Develops and Coaches

Prioritizes team development, enhancing skills and empowering ownership for agile strategy navigation.

Builds Trust

Bedrock for strategy, fostering collaboration, open communication, and risk-taking through consistency and transparency.

Leads with Empathy

Essential for effective strategy, cultivating a supportive environment and accommodating diverse work styles.

Manages Conflict

Vital for focus on goals, involves addressing conflicts and misalignments for productive collaboration.

Inspires and Motivates

Engages teams in adversity, fostering purpose and commitment for strategic alignment and execution


Crucial for informed decision-making, involving reflection and adaptability for effective leadership

Developing leadership competencies is frequently neglected within HR, disproportionately focusing on technical skills and expertise. As HR professionals, knowing how to deliver through others is critical for strategy execution. Whether this involves cross-functional collaboration, leading HR teams, or playing a role in aligning people towards the same goals, these competencies are critical for HR professionals to master. 

Table depicting the 7 behaviors HR should master to drive execution excellence

3. Impact through self

Finally, HR cannot drive execution excellence as a function when individual HR professionals don’t apply the same principles to their work. Whilst business acumen is critical for understanding the business context and commercial impact in strategy creation, execution excellence translates strategy into action.

The Execution Excellence competency focuses on the way HR delivers impact by getting things done. In our T-Shaped HR Competency Model, we define this through three broad dimensions. Each dimension specifies how strategy is executed through the individual.

  1. Action Orientation involves effectively planning and organizing activities to achieve specific goals and objectives, while also being accountable for the results. It encompasses the efficient use of resources, both personal and within an organization, to create meaningful outcomes. Additionally, it includes the capability of human resources (HR) professionals to adapt to changes and manage uncertainties that are common in their work environment.
  2. Problem-Solving involves the methods HR professionals use to approach issues and make decisions. It requires making sense of various information sources and effectively conveying the core idea. This also requires navigating contrasting viewpoints and finding a practical way forward. Lastly, it requires an awareness of the broader business context to interpret data and make informed and timely decisions. 
  1. Interpersonal Skills refer to how HR professionals engage with others to deliver impact. Building and maintaining relationships with stakeholders and fostering collaboration are critical skills to drive impact through others. Clear communication and persuasion are critical to ensure others are aligned and informed. Finally, genuine empathy and cultural awareness in these interactions are key to creating an inclusive and supportive atmosphere for others to deliver.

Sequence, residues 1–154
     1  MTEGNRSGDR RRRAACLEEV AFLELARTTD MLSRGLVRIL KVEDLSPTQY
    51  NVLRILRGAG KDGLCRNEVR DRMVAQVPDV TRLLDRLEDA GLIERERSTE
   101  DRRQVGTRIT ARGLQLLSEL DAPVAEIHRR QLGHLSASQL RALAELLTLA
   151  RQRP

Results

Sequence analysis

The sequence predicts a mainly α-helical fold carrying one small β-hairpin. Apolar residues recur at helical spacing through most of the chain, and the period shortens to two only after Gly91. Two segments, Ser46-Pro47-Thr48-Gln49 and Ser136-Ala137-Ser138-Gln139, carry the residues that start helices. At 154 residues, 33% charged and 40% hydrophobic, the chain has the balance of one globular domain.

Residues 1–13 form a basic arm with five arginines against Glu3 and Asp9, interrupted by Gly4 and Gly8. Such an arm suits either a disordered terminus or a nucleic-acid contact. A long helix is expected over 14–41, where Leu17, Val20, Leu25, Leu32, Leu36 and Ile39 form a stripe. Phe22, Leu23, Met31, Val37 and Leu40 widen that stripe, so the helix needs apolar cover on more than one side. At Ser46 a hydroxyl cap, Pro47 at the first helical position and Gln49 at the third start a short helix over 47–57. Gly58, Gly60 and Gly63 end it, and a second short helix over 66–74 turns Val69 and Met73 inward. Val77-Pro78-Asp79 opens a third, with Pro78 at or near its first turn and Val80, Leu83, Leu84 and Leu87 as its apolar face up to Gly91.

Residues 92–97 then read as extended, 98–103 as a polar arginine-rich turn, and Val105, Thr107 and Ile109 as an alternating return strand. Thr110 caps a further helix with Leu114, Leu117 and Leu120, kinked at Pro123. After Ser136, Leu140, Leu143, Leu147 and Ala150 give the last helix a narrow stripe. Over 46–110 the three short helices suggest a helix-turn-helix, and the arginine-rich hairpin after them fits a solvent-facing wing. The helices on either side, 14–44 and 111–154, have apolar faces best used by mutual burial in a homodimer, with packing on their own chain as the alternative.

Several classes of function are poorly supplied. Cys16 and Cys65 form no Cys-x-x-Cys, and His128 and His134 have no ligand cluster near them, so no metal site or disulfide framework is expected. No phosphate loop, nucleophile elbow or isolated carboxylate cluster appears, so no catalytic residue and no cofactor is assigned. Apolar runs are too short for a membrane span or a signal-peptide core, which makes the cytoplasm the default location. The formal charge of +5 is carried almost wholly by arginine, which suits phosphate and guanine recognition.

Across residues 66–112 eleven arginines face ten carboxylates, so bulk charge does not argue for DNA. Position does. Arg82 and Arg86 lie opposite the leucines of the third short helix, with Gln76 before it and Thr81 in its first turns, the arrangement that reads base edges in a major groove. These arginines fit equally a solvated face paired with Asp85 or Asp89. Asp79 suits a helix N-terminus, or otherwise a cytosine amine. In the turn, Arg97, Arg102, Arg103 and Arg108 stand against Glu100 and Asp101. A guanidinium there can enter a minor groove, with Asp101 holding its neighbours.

AIHR's T Shaped  HR Competency Model illustrating the Execution Excellence Core Competency

Taking action

As organizations become increasingly complex and more fast-paced while facing technological and social shifts, effective strategy execution is more essential than ever. The question is no longer if HR has a role to play in strategic execution, but rather on how we can ensure our actions create strategic impact. 

As a partner to the business, HR has the unique opportunity to enable strategy execution through actions that lead to impact backed by sound decision-making. This requires a renewed focus on execution excellence as a core capability of the HR function.

How HR Can Drive Impact Through Execution Excellence

About the Authors

Marna van der MerweHR Subject Matter Expert
Dr. Marna van der Merwe is an Organizational Psychologist and Subject Matter Expert at AIHR. She has extensive experience in Human Resources, Organizational Effectiveness and Strategic Talent Management. She is a researcher, published author and regular conference speaker in the areas of talent management, experience design, as well as the changing nature of careers. Marna holds a PhD in Organizational Psychology, with a specific focus on talent management and careers in the future of work.
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Erik van Vulpen
Erik van Vulpen is the founder and Dean of AIHR. He is an expert in shaping modern HR practices by bringing technological innovations into the HR context. He receives global recognition as an HR thought leader and regularly speaks on topics like People Analytics, Digital HR, and the Future of Work.